Foremost among the important teachings of this chapter is Peter’s confession of Jesus as the Christ. As we read in yesterday’s lesson, Jesus approached the matter by asking two probing questions. We have already looked at the first of these questions: “Who do people say the Son of Man is?” Now Jesus asked his second question: “But what about you? Who do you say I am?” (v.15). It was at this point that Peter spoke for the rest and gave his classic answer: “You are the Christ, the Son of the living God” (v.16). Peter’s answer did two things, both forcefully. First, it identified Jesus as the Messiah, the one who was to reign forever on the throne of his great ancestor David. Second, and even more importantly, it identified Jesus as divine: “the Son of the living God.” It is that combination of ideas that makes Peter’s confession so important, for he was confessing that Jesus was no mere man but God himself come to save his people.

Jesus Christ is the very heart of Christianity. Christianity is Christ. But to know Jesus we must understand two great things about him: 1) who he is, and 2) what he did. In theological textbooks these two points are usually referred to as: 1) the person of Christ, and 2) the work of Christ. They emerge here, in Matthew 16, explicitly for the first time.

Let me close by going back to what Jesus told the Pharisees. He faulted them because they were unable to “interpret the signs of the times” (Matt.16:3). The right thing obviously is to interpret the times correctly, which leads me to ask: Are you able to interpret the times? Above all, are you able to interpret the times well enough to come to faith in Christ? Romans 13:11 uses this imagery when it says, “Do this, understanding the present time. The hour has come for you to wake up from your slumber, because our salvation is nearer now than when we first believed.”

We concluded yesterday’s lesson with a look at the various ways commentators have interpreted the nature of the Pharisees’ wrong teaching. What are we to make of these diverse interpretations? We need to take Luke’s explanation seriously. He is an inspired gospel writer, after all. But we also need to think of the context of the passage in Matthew, as D.A. Carson does. The only thing I would add to Carson’s analysis is that there is more to the context of these verses than chapter 16. There is also chapter 15 in which Jesus rebuked the Pharisees for their adherence to the traditions of men rather than the actual Word of God. They had been adding human legalisms to God’s revelation, which is why they were unable to accept the Lord when he came. He came with a gospel of pure grace, but they thought they had to earn their salvation by such legalistic behavior as keeping the Sabbath and a kosher diet. Jesus said of them,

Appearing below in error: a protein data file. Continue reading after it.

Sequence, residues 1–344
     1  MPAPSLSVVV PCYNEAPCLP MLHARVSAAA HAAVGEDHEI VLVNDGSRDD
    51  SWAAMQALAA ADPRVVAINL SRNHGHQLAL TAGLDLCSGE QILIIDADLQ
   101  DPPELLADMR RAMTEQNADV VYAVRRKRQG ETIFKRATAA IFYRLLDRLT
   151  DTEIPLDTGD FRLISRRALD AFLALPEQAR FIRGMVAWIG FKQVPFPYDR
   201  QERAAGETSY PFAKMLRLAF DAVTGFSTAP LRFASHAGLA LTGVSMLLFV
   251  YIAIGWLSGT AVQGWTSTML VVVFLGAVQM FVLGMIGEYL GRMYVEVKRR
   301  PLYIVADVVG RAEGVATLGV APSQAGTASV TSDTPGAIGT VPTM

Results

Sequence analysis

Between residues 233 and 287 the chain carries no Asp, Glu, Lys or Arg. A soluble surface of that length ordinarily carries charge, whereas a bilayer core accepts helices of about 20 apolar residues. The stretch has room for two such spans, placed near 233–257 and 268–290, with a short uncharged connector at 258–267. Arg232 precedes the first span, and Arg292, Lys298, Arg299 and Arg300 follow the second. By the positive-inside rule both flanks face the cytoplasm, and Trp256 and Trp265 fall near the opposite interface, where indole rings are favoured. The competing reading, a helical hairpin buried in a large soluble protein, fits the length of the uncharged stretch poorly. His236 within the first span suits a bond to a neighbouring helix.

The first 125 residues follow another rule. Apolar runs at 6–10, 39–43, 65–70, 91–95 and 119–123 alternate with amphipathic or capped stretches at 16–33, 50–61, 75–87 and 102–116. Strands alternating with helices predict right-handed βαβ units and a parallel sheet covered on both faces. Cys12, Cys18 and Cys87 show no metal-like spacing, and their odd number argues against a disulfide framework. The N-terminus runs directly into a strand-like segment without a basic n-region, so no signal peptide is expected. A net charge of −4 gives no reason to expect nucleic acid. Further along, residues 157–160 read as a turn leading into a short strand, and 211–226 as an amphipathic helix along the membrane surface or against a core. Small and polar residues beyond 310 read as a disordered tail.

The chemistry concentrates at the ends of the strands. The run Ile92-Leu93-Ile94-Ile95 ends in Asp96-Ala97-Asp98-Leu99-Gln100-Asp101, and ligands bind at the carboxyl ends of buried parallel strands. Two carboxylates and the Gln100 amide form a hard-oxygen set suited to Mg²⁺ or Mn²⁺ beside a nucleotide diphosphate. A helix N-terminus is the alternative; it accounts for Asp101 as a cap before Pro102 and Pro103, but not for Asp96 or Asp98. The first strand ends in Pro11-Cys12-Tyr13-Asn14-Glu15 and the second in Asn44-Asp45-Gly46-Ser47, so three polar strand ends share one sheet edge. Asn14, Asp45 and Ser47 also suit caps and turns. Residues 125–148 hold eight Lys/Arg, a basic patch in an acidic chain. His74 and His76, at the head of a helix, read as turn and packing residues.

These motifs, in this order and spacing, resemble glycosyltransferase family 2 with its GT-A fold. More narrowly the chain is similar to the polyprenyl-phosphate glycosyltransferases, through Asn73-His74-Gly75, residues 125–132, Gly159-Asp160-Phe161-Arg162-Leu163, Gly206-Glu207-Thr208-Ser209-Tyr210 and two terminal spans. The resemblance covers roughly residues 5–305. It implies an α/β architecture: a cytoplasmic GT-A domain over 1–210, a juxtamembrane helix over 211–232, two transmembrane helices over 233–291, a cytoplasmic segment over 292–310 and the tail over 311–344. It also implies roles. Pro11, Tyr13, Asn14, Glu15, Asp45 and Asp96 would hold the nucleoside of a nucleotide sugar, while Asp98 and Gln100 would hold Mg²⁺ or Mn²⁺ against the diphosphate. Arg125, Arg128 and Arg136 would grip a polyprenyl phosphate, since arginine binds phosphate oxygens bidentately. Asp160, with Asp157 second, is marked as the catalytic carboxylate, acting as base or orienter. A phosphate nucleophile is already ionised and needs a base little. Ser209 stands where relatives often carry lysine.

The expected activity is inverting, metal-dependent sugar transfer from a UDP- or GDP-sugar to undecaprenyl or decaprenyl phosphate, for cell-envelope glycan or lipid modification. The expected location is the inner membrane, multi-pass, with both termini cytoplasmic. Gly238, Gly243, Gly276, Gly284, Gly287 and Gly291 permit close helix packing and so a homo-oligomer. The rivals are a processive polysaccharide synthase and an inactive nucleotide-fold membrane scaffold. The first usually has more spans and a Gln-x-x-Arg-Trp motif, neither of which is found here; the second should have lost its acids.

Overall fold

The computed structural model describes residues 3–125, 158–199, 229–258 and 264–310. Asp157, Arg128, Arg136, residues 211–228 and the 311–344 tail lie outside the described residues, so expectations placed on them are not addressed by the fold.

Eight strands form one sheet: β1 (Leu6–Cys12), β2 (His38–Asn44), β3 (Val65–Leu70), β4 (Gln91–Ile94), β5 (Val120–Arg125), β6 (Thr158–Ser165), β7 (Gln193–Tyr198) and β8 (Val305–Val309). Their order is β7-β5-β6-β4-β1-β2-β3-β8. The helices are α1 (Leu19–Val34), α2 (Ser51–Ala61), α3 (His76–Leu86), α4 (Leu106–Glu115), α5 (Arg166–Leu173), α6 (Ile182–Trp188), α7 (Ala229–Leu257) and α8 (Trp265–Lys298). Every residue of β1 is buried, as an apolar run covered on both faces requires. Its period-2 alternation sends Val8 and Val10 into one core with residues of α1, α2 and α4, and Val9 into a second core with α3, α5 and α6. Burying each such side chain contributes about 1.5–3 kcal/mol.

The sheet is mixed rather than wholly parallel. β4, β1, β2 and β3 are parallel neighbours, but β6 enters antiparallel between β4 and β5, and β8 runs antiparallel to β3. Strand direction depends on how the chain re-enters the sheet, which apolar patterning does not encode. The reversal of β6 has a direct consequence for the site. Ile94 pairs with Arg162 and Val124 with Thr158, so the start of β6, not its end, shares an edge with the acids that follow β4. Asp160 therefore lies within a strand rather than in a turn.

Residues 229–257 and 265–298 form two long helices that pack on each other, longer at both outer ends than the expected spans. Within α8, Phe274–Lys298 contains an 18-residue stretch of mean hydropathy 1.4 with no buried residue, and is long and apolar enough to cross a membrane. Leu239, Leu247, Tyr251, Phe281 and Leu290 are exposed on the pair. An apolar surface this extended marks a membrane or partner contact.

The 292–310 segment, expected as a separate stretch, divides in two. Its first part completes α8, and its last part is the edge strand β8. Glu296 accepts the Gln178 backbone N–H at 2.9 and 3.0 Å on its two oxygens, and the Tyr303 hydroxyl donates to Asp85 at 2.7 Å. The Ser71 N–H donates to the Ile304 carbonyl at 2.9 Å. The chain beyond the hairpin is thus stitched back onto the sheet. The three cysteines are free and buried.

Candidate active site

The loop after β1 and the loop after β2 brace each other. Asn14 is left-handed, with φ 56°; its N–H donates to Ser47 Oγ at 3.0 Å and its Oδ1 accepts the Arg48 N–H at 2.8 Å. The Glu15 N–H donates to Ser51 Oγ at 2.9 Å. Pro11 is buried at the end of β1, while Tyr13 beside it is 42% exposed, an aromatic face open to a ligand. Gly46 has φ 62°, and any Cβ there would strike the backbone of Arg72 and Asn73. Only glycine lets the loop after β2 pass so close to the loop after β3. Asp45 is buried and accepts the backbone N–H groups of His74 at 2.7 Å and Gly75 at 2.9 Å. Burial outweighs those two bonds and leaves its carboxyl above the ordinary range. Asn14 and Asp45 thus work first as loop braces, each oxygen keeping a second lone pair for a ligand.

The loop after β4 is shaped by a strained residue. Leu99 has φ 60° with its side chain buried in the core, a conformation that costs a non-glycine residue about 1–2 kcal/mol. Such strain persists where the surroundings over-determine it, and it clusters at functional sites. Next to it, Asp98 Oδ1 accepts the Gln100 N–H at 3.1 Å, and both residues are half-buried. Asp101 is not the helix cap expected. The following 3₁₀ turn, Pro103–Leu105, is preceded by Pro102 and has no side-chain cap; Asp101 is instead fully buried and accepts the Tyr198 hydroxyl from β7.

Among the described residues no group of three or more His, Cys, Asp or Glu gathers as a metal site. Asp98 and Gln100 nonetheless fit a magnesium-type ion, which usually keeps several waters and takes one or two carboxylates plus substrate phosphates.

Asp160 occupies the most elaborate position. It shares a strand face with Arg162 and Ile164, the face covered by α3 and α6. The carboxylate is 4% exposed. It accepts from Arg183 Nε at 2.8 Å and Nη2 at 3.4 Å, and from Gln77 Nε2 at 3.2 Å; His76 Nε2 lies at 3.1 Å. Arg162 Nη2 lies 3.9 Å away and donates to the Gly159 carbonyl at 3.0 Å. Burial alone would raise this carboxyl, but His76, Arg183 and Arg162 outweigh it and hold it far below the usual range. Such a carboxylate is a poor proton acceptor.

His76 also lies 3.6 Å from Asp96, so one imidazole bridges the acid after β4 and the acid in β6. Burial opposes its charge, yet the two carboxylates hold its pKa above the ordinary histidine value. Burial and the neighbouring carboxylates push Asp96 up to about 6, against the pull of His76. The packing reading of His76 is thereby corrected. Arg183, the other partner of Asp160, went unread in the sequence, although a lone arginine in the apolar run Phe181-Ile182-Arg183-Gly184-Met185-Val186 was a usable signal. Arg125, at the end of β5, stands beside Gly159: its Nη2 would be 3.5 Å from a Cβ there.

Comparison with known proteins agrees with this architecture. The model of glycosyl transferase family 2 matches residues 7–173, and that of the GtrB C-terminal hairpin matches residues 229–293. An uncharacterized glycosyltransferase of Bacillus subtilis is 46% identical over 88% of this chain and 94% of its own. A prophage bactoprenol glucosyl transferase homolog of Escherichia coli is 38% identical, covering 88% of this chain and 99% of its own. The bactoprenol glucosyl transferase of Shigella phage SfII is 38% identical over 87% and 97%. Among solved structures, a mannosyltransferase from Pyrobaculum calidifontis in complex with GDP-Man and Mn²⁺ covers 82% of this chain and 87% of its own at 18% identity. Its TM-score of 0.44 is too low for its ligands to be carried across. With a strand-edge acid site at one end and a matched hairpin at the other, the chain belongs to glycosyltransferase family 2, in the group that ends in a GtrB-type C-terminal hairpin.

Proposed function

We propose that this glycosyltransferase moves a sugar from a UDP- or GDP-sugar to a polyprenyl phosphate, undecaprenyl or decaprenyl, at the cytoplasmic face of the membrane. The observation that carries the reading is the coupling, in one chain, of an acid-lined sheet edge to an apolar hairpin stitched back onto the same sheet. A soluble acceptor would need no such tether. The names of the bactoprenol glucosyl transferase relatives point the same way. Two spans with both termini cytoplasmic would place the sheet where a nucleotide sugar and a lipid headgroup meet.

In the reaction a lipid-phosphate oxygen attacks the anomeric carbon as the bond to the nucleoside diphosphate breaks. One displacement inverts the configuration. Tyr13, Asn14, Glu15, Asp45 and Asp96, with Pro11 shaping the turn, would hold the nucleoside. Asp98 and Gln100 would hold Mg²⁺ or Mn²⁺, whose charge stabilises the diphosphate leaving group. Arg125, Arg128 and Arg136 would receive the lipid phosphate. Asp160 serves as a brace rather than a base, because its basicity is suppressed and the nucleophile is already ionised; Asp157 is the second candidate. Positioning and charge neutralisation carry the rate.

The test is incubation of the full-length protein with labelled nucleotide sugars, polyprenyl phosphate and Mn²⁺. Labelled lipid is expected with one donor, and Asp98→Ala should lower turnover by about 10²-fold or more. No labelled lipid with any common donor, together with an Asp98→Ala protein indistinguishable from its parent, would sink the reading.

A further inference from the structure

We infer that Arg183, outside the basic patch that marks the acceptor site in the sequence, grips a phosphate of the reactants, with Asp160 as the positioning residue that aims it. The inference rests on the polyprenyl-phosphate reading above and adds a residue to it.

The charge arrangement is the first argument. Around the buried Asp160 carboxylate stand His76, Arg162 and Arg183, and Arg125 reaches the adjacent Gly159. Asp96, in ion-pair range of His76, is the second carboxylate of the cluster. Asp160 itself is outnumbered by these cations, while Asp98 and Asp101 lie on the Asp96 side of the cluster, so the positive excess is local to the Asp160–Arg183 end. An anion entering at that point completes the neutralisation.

What was Jesus thinking about as he and the disciples made their way across the lake again? It is perfectly clear from the story. He was still pondering the unbelief and hostility of the religious leaders. They should have believed on him but they would not. Moreover, they were doing what they could to keep other people from believing. We know Jesus was thinking along these lines, because he suddenly spoke up with a warning for the disciples. “Be careful,” Jesus told them, “be on your guard against the yeast of the Pharisees and Sadducees” (v.6). Jesus was warning them how dangerous the legalism of the Pharisees and the modernism of the Sadducees was.